• Anonymous

    Anonymous completed this course.

    I was able to finish this 11-week MOOC in ten days because the materials are a fine balance between succinct and comprehensive and very engagingly presented. I was initially turned off by the use of MATLAB/Octave as the programming language of choice...
  • Anonymous

    Anonymous completed this course.

    My opinion is very personal. In my view, taking a class rather then reading a book has one fundamental aim: make it easier and faster to get workable knowledge on a topic and to capitalize on it. In other word the objective of such a class should be:...
  • Scott O.

    Scott completed this course.

    Andrew Ng is a clear and charismatic lecturer, he covers advanced techniques, and he provides a number of practical tips, but the programming exercises are a bit canned, and may not fully prepare students to write their own scripts in Octave. The exercises...
  • Mark W.

    Mark completed this course.

    This course is famous. It’s taught by the equally famous Coursera co-founder and ML-star, Andrew Ng. Though I found this class to be one of the worst learning experiences I’ve had with a MOOC, I really have to say I love Andrew’s ability to explain things...
  • Wickwack

    Wickwack completed this course, spending 4 hours a week on it and found the course difficulty to be medium.

    Professor Ng is extremely clear. His lectures are extraordinarily well-organized, thoughtful, and clear. The assignments are interesting, relevant, and not too difficult.

    After completing the course, I took MIT's open Linear Algebra course, and at that point was able to get more of the mathematical background. Professor Ng was very careful to present the material without much math -- impressive to say the least. However, once I got more of the mathematical background, I felt much more solid in my understanding.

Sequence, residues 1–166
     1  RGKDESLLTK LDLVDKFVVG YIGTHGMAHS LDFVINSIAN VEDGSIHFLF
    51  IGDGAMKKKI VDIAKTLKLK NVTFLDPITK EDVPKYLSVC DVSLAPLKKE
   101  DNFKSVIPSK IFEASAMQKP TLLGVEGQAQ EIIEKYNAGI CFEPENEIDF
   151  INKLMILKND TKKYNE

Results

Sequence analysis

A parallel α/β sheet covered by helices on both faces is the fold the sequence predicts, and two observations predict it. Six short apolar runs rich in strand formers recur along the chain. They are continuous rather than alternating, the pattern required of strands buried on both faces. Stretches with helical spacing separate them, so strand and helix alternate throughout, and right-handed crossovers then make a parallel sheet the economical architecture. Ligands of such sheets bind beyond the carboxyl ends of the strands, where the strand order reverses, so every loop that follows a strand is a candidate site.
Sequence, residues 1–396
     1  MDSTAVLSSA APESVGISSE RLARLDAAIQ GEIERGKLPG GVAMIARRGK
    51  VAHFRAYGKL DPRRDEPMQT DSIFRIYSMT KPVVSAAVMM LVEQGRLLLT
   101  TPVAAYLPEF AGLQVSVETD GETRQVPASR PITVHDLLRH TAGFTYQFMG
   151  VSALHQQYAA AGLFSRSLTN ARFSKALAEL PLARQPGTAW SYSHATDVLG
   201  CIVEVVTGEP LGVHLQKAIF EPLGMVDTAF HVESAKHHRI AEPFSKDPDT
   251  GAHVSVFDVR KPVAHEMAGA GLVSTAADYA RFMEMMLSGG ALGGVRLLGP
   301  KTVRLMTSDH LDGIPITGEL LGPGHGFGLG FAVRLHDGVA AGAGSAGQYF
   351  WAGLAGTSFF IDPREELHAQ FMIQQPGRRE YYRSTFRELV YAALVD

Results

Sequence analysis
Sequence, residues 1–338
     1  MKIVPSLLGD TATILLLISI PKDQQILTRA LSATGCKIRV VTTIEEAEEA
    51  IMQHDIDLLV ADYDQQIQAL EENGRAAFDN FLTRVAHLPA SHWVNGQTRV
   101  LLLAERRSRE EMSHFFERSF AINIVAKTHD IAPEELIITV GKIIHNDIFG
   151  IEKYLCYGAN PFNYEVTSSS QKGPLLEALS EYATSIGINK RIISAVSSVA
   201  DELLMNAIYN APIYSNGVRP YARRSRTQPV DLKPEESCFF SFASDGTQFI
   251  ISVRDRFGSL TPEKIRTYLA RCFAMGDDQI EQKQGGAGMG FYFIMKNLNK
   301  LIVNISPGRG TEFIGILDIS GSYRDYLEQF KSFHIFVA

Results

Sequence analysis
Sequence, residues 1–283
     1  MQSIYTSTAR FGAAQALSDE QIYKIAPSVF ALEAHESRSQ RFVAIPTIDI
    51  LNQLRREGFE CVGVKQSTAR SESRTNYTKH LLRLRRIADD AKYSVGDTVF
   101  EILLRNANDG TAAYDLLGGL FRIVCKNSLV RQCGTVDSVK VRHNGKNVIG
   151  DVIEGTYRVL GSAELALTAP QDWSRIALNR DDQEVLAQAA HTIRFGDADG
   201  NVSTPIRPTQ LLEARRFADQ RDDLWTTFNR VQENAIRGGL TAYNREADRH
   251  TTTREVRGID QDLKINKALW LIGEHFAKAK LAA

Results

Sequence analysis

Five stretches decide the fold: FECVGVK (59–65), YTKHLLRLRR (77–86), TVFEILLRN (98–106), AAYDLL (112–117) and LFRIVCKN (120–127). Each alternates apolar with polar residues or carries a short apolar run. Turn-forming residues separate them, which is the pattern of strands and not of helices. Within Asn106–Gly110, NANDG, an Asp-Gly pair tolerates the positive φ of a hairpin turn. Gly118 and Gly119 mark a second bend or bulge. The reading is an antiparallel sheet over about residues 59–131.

• Paolo P.

    Paolo is taking this course right now, spending 8 hours a week on it and found the course difficulty to be medium.

    Low production values; terrible audio quality; a very traditional, mostly non-interactive approach... and yet, this course manages to be one of the best I've ever taken. The quality of Andrew Ng's teaching is just *that* good. He's a rare case of a world-level expert that's also extremely good at communicating his knowledge. This guy makes you wish you could shake his hand and buy him a beer at the end of each lesson.

    This course proves that a skilled human with a whiteboard can still beat the bells and whistles of more expensively produced trainings. If you know little or nothing about Machine Learning, it will give you a solid foundation.
  • John .

    John completed this course.

    A lot of participants were concerned that it was a watered down version of Stanford’s CS229. And, in fact, the course was more limited in scope and more applied than the official Stanford class. However, I found this to be a strength. Because I was already familiar with most of the methods in the beginning (linear and multiple regression, logistic regression), I could focus more on the machine learning perspective that the class brought to these methods. Programming exercises were done in Octave, an open source Matlab-like programming environment.
  • Nitin G.

    Nitin completed this course.

    I was completely new to ML but never felt lost while taking this course (completed yesterday). The programming assignments are a bit watered down in that most of the "boilerplate" is already written but you still get great insight with whatever is left for you to implement -- in particular, learning to write vectorized code is what I found immensely useful.
  • Prose completed this course, spending 7 hours a week on it and found the course difficulty to be medium.

    Prof Ng simplifies ML as much as possible - and no more. In the complex arena of ML, that still leaves things fairly complex... But thanks to this course (which I'm 90% of the way through) I feel like I'll have a sufficient intuitive grasp of ML for vaguely...